If you happen to be a regular reader of The Gourmet Retailer, you might notice a few familiar faces on the cover of national trade magazine's summer edition.
The Capital Region’s very own Niskayuna Co-Op was featured as the cover story of the magazine’s June/July edition, and it’s quite literally put a smile on store officials’ faces. Smiling on the cover from inside the store are general manager Don Bisgrove and assistant store manager Richard Gabree.
The 5-page article, titled “The Masters of Reinvention,” examines how the 70-year-old co-op at 2227 Nott St. has adapted and innovated to remain competitive in today’s grocery retailer market.
“There’s a lot in there,” said Co-Op Marketing Director Ben Wallach. “It’s a lot of extra publicity, which is nice.”
The Stagnito Media-owned magazine is well-known in co-op circles, among others, as an industry leader on specialty-food and houseware issues.
It covers everything from product merchandising, display ideas and gourmet-food retailing to trade-show reviews, coffee and tea studies, trends and new products.
award spurred coverage
The co-op was approached about three months ago for the interview, after Gourmet Retailer staff learned of its 2012 C&S Wholesale Grocers Innovation Award.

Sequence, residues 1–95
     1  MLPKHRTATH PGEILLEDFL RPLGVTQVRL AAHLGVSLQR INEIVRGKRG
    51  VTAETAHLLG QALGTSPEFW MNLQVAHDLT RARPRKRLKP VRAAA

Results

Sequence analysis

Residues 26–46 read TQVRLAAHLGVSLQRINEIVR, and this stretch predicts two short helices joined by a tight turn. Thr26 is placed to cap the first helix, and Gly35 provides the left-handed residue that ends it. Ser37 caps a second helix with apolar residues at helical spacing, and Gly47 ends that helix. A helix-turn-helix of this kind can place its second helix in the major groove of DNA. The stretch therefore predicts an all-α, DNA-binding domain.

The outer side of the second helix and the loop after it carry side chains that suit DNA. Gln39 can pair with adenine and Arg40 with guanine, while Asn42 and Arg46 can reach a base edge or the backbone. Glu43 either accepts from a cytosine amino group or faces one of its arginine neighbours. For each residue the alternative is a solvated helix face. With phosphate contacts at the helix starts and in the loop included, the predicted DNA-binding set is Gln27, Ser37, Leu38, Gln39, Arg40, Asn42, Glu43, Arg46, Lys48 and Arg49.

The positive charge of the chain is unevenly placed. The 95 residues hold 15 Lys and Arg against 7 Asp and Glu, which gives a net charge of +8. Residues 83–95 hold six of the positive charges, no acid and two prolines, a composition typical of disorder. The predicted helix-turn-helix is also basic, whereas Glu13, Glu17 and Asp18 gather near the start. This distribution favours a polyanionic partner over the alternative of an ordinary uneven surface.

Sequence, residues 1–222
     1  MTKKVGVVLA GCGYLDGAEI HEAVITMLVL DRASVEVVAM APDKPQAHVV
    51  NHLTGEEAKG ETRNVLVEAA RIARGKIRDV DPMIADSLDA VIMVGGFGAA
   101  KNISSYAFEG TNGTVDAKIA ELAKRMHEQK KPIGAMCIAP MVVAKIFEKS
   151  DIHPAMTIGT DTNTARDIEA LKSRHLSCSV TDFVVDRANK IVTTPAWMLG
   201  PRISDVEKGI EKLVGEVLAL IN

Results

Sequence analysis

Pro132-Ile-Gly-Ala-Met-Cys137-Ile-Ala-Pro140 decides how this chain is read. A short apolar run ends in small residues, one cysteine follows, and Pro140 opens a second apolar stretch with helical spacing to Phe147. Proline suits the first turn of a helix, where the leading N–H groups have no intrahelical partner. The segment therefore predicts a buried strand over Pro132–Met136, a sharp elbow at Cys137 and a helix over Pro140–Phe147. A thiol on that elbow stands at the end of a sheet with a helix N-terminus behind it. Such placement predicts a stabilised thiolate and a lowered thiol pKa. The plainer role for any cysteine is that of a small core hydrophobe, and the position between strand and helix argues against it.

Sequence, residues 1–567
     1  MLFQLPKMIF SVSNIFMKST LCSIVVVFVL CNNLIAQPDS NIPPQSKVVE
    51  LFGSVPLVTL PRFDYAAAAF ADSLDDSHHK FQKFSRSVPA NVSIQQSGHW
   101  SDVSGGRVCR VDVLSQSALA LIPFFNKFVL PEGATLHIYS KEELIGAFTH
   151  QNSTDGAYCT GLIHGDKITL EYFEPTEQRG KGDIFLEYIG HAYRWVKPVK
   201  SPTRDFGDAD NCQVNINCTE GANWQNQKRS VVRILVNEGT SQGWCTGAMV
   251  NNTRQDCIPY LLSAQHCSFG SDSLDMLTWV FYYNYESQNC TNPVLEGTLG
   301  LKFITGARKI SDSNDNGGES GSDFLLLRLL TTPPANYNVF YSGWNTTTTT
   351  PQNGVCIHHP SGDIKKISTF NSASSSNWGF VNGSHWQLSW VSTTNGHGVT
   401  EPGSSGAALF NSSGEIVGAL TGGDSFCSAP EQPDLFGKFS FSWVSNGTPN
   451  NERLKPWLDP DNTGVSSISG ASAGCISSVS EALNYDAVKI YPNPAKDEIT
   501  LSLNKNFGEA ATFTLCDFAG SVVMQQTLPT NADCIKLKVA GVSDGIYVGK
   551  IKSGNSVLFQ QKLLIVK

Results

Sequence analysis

“We’ve become a leader in not just the co-op movement, but the buy-local movement, as well” said Wallach, “and it’s really exciting all the new products we’ve brought in.”
Bisgrove and Gabree talked about last fall’s major remodeling at the store, and how they were able to reposition themselves as a specialty retailer, getting rid of their health and beauty-aids section.
“We looked like a CVS drugstore,” Bisgrove is quoted in the article. “We had everything, including sneakers and underwear.”
Now, the co-op is better known for its specialty products, its meat department and highly trained butchers and — of course — its local baked goods, which include chocolate babka, cookies, shortbread, pies, breads and rolls.
co-op as incubator
The magazine also highlighted the co-op's role as a local incubator, bringing in products from within 50 miles and letting vendors test them out on a broader audience. Residents know they can find local yogurt, milk and cheese and local grass-fed beef and free-range chicken at the co-op. They can count on bakery items, granola, sauces, eggs and produce to come from local businesses and farms, and all of the latest specialty-food trends to pop up on shelves.
Bisgrove also let it be known that the co-op isn’t going anywhere soon.
“My big goal is to make sure this co-op goes on for another 75 years,” he told the magazine.
To read the full article, visit www.gourmetretailer.com/article-the_masters_of_reinvention-5950.html.